I came back a few seconds later to hear Nick hit “I miss you, darling, more and more every day” dead-on, crystal-clear, in full voice. No falsetting anything. Well, holy fuggin shit almighty, as Leo Durocher says in DeLillo’s Underworld. And then he did it again on “with every heartbeat I still think of you.” By that point everyone in the studio was staring at him, mouth agape. Nick proceeded to nail the thing. To. The. Wall. He even did a damn fine young-man version of Patsy’s stunning reading of the very end of the song—you know, where she swoops under and over the word “faded” and then does that breathless stutter-stop on “love.”
The room burst into wild applause and whoopin’ and hollerin’, and with every good reason; but Tsarina Cynthia was furious. Furious, I tell you. She marched up to Nick and demanded, first, “how did you know that song?”
“Cynthia,” Janet sensibly reminded her, “he is my son.”
Cynthia wheeled on her. “Quiet, you,” she shot back. To Nick: “How did you know that song?”
“Well, I’ve had Patsy Cline’s Greatest Hits since I was a kid,” Nick replied, “and . . .”
“And you know the Bob Wills version too?” Cynthia sounded proprietary: dammit, who’s been letting these youngsters into the family vault?
“Well, sure,” Nick said.
Cynthia was fuming. “Nicholas,” she fumed. “I am so mad that you had this talent all this time and never shared it with us.” Then there was some more fuming I didn’t catch.
Nick shrugged sheepishly. What could he do? It is bad to anger the tsarina. Besides, she was right: what was Nick doing not singing karaoke all these years?
So everybody had a great old time, and Nick’s performance was the hit of the holiday. Why, it even dislodged the Bing-and-Bowie “Drummer Boy” from our brains, though I have to thank Derryl Murphy, in comment 33 of that thread, for alerting us to the existence of the parody version.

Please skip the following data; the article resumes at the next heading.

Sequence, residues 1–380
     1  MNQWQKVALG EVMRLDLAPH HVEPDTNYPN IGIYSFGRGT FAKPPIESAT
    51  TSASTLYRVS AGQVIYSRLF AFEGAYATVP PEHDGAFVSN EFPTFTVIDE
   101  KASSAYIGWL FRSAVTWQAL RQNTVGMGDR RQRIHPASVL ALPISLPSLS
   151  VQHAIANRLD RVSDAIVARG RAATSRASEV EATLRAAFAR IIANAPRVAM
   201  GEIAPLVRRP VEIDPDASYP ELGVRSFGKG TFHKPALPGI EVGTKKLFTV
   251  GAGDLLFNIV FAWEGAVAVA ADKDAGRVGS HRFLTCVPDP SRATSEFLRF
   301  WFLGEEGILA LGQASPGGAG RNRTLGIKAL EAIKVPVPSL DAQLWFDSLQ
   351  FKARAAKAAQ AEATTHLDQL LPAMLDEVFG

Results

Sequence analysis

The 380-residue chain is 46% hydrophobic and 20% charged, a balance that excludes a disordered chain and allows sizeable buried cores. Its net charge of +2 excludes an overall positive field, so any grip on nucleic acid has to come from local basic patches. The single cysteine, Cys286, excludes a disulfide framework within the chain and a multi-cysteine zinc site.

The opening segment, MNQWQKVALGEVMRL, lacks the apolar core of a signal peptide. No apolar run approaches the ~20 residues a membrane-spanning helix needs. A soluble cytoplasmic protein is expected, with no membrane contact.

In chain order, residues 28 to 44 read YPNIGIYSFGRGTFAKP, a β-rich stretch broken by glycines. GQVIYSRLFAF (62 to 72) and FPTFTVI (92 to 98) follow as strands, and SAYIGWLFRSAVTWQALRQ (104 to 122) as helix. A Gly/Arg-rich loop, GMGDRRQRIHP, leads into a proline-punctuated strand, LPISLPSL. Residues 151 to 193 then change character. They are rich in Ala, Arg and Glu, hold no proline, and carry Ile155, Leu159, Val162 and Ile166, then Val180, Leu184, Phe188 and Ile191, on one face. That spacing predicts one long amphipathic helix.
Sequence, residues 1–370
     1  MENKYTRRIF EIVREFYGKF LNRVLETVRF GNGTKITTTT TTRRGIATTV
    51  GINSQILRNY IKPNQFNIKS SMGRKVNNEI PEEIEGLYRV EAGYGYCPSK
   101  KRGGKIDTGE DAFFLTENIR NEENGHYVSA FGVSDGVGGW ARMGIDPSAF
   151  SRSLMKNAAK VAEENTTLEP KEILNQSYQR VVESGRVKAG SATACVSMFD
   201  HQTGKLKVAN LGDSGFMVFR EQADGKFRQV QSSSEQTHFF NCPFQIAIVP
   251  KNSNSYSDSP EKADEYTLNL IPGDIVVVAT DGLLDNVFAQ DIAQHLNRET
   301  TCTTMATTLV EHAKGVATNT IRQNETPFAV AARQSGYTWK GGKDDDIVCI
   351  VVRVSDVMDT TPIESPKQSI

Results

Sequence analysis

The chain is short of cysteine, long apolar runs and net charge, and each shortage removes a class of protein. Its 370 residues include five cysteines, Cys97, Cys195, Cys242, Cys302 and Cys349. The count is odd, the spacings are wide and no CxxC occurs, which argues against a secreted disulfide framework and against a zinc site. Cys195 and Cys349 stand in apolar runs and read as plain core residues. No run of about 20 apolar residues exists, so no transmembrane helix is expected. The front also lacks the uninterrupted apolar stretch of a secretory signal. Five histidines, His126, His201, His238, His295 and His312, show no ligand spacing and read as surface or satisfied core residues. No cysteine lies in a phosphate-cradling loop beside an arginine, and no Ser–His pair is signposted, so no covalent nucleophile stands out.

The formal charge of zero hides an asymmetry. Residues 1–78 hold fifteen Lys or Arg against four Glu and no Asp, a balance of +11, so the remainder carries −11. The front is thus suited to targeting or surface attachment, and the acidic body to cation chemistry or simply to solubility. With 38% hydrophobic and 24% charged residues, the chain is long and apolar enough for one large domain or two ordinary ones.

And speaking of those Christmas songs! As Janet, Jamie and I were driving to Connecticut this old tune came on the radio, and at first neither of us could place it. After a while, Janet said, “sounds kind of like Donny Hathaway.” For that, Janet gets extra extra bonus vocal-style-identification points! And best of all, the song does not suck. So this Christmas was musically cool after all, on every front.
So, my arbitrary friends: best and worst karaoke experiences of your life so far? Lyon Christmas Karaoke featuring Nick’s “Faded Love” was my best; my worst was watching someone in a bar try to sing Boston’s “More Than a Feeling.” The poor guy didn’t realize that the song was computer-generated and cannot be sung by humans, and the results were exceptionally ugly. As you can well imagine.